The Nigerian experience of O.A.U. conflict management : a status quo mediator (1963-1988)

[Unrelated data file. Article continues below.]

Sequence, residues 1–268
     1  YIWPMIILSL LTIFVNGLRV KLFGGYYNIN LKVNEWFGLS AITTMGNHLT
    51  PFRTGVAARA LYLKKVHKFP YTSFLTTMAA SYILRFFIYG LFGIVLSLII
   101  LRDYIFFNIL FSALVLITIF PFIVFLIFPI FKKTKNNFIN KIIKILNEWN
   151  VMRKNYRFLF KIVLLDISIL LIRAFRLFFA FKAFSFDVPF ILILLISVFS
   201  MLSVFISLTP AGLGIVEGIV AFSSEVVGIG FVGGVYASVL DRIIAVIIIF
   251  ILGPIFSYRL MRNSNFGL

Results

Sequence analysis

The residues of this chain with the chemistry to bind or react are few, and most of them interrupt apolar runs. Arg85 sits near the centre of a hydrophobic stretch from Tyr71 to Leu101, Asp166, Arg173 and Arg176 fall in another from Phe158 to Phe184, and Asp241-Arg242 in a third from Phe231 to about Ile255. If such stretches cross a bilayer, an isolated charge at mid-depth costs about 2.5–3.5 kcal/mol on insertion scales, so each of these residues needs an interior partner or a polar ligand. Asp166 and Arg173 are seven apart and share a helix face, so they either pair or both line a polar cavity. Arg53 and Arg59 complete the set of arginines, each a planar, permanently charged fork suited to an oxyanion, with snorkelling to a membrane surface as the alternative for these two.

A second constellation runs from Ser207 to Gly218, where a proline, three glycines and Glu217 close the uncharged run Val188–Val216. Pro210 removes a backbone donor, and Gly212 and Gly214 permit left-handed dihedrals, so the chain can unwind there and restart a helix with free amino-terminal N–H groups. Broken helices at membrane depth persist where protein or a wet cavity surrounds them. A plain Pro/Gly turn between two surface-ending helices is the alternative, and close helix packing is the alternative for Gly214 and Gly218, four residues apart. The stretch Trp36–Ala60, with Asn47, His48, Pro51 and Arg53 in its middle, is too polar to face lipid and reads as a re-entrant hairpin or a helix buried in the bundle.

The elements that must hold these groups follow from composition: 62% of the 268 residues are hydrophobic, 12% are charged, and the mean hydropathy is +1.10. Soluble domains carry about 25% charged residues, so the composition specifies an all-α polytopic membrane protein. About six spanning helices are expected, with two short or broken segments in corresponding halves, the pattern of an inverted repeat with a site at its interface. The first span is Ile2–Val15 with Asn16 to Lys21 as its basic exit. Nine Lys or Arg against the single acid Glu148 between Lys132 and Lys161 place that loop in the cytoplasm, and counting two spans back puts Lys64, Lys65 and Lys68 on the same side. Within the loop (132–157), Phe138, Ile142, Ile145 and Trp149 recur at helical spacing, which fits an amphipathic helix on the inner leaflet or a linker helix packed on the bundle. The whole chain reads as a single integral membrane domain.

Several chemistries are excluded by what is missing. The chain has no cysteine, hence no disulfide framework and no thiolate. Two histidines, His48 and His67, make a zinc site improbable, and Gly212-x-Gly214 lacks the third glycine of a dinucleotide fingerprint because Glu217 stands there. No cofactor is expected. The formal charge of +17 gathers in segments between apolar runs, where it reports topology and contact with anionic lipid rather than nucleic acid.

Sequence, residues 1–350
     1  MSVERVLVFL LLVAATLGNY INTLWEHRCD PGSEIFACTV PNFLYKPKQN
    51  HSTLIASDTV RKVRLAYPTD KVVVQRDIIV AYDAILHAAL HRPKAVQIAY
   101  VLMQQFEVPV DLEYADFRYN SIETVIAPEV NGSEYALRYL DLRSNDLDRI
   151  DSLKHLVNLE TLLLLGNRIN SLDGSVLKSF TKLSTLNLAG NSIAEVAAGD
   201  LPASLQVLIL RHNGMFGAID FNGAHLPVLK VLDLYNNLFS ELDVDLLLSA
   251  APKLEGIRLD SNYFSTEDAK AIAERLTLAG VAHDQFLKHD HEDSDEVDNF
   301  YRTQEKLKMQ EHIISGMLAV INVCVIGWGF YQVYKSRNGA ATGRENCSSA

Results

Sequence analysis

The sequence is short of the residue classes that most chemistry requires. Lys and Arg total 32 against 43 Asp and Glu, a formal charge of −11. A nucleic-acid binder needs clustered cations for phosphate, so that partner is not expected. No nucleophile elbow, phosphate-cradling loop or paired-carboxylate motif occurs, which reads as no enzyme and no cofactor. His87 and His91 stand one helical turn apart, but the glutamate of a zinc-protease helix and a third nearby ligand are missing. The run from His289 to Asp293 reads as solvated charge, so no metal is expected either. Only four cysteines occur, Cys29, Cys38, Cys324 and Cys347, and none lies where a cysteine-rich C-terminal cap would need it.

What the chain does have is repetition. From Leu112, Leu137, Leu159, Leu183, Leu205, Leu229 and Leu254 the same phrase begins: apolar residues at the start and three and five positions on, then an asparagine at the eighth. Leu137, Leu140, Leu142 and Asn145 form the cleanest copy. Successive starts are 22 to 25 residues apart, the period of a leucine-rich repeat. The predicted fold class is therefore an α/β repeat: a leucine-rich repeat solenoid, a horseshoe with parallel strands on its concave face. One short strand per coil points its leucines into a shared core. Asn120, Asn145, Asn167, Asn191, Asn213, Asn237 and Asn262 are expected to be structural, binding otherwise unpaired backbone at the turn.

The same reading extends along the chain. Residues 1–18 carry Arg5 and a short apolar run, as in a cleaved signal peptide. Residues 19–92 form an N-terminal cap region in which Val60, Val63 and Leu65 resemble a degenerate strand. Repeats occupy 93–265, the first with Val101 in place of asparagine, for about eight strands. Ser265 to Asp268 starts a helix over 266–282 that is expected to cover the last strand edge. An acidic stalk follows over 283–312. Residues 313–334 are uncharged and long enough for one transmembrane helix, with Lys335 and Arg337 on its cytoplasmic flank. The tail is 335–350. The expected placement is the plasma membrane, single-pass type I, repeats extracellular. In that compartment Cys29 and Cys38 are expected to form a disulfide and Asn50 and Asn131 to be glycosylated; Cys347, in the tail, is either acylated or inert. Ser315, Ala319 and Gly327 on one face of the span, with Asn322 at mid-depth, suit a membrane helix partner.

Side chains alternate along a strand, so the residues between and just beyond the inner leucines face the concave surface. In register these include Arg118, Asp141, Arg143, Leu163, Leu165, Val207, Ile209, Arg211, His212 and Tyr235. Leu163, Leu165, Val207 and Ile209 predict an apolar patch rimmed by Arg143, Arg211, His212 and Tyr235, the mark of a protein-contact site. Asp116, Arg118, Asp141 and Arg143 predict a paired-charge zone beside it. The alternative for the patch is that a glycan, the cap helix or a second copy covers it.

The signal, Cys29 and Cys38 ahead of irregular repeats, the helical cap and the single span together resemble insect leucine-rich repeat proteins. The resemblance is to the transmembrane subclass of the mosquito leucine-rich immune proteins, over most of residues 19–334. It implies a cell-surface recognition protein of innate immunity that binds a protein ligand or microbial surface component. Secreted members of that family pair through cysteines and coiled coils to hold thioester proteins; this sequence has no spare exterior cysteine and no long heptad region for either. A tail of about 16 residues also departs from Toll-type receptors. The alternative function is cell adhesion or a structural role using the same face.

The dissertation assesses Nigeria's role within the Organisation of African Unity as a status quo mediator in African conflict situations between May 25 1963, which marks the beginning of her role, and 1988. Chapter One traces the historical background of the OAU since Nigeria's diplomatic effort in African conflicts have been channelled through the organisation. Chapter two examines the basis of Nigeria's influence in Africa. Chapter three addresses the thesis' first case study, the Nigerian Civil War (1967-1970), to give a critical analysis of the federal government's diplomatic conduct, when the nation became the subject-matter of the organisation's conflict management machinery. Chapter four shows how Nigeria extended her influence in African politics through the Angolan independence crisis. Chapter five interprets Nigeria's interests in the Chadian conflict and examines the limitations of her leading role in OAU conflict management efforts as exemplified in her unilateral and collective peace-keeping roles in Chad in 1979 and 1981/82 respectively. Chapter six traces the historical background of the Cameroonian/Nigerian conflict of 1981 in order to sustain the claim that Nigeria is a status quo mediator in view of the 'pacific style' adopted by President Sheu Shagari during the border crisis. Chapter seven concludes that the imposing constraints on Nigeria's role as a status quo mediator are: (a) Limited economic resources. (b) Political instability. (c) Limitations of the domestic clause in the OAU Charter, Article III paragraph (2), which prohibits interference in the internal affairs of states. (d) Paucity of military resources.